Friday, October 14, 2011

Friday Reading Assignment

The very funny Belgian Waffle asked her readers to describe a fantasy career and I commented that I'd like to have a job making book recommendations. She shot a comment right back saying "Patience Crabstick, literary concierge." I like the sound of that, and with the dual purpose of bringing a focus to my blog as well as doing what I love, I'm instituting the Friday Reading Assignment. Don't panic, there will be no quiz on Monday although if anyone actually does read one of these books, I would love it if you'd leave a comment and tell me what you thought. Naturally, "reading assignment" is used facetiously here. I am not seriously ordering anyone to read something you don't want to. On the other hand, if you're looking for something to read, my Friday posts might be a good resource. There aren't really any rules about the books I'll put up. What you won't see are the books that everybody else is reading. It's not going to be very enlightening if I list books that you can easily find for yourself on the best sellers lists. Besides, I like to give a boost to obscure books that are in danger of being removed from library shelves because they're never checked out.

This first post is difficult, since last week I already discussed what I've been reading. I'm still plugging away at The Four Gated City, by the way. For this Friday, I've decided to feature the first published novel of one of my favorite authors: Some Tame Gazelle by Barbara Pym. Barbara Pym is a British writer who died in 1980. Her books are mostly set in the the 1930's, 40's and '50s and are often (but not always) about quiet spinsters who lead rather dull lives. Small events--the vicar coming to tea--are hugely significant. What's great about Pym's novels is her focus on the tiny details and absurdities of life. I also like them because they are about outwardly dull people who lead fascinating inner lives. In Some Tame Gazelle, two unmarried, middle-aged sisters, Belinda and Harriet Bede, live together in a quiet country village. Harriet is a sort of hilarious church lady/cougar, but the novel centers on Belinda, who has had an unrequited love for the archdeacon for thirty years. The archdeacon, Henry Hoclceave, a man one might describe as "difficult" is married to a rather grand and formidable lady and it is Belinda's fate to toil as a church volunteer, while managing the little social dramas of village life--how not to offend the dressmaker, for example.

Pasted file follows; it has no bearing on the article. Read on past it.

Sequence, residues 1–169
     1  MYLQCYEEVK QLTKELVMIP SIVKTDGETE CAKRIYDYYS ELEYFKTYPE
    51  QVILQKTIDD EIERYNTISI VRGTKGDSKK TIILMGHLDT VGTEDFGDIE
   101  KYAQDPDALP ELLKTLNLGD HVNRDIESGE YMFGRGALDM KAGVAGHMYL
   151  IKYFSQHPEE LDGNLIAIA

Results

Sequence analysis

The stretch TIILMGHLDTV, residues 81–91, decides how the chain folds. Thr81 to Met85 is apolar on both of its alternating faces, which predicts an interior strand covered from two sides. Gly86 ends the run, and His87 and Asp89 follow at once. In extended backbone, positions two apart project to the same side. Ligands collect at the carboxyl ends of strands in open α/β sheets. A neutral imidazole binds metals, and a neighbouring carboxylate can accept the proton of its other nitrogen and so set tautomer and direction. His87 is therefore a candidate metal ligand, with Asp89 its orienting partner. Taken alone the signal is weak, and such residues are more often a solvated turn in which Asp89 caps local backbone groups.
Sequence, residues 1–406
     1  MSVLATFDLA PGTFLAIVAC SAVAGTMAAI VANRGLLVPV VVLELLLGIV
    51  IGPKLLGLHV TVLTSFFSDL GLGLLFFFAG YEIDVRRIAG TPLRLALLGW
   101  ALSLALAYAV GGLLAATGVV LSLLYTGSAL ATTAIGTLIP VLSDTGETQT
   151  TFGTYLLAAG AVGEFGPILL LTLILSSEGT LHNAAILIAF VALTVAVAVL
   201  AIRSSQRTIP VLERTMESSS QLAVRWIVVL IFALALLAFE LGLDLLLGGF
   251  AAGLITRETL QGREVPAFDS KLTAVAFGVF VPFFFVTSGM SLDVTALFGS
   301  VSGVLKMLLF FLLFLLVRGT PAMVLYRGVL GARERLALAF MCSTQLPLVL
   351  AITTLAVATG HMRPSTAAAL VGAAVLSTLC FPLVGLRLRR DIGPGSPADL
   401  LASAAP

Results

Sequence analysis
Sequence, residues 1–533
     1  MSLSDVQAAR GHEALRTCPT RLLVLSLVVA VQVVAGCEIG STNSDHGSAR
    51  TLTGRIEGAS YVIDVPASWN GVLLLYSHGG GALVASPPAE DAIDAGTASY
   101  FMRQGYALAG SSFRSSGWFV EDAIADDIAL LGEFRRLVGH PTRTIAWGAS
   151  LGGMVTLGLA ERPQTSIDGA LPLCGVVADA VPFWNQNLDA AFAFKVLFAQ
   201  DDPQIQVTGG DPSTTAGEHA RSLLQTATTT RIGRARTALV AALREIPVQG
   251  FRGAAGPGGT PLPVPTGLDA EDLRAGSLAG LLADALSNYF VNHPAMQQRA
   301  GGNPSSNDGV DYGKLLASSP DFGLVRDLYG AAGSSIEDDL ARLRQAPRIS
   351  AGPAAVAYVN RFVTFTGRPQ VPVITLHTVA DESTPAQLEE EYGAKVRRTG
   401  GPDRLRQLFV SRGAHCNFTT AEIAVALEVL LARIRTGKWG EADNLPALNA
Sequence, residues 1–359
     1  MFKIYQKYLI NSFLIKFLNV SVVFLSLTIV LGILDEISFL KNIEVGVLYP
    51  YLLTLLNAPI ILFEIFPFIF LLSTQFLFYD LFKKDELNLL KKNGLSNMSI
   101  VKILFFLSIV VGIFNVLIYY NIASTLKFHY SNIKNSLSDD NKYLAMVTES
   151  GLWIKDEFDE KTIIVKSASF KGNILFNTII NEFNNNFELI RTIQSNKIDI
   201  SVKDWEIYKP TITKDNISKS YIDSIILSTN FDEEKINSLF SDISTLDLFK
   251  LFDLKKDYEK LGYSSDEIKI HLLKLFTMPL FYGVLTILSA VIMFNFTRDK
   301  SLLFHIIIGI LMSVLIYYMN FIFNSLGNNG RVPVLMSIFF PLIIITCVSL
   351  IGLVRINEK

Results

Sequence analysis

That's the plot in a nutshell. There's a handsome young curate for Harriet to flirt with, and a collection of touchy spinster ladies. Pym has been compared to Jane Austen because of her sharp and witty observations about human nature.

Barbara Pym

The bare facts.

This book is: funny, comfort literature.
Time it will take to read: Less than a week.


  1. Oh, I love this. Thank you for the recommendation. I easily and happily slip into books and BBC series that are slow-moving and spinster-centered.

  2. I've seen her around--not HER, but her books. And now that I know they're about the quiet spinster of small town life? I MUST find a book by her!

  3. I am excited about these posts! Pym sounds right up my alley.

  4. I've never read anything by her yet, but this sounds like something I'd really enjoy. Thanks for the recommendation!

  5. Long, long ago in a land where there were many independent bookstores, the job of book recommender/literary concierge did in fact exist. Now they are rare exotic creatures, sought out by those who remember. I think those who still read will welcome your virtual version.